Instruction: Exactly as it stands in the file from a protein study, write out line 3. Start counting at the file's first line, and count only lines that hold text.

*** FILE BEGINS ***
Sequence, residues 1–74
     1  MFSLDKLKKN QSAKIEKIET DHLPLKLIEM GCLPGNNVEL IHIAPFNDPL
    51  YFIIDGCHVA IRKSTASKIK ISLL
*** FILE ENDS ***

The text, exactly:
    51  YFIIDGCHVA IRKSTASKIK ISLL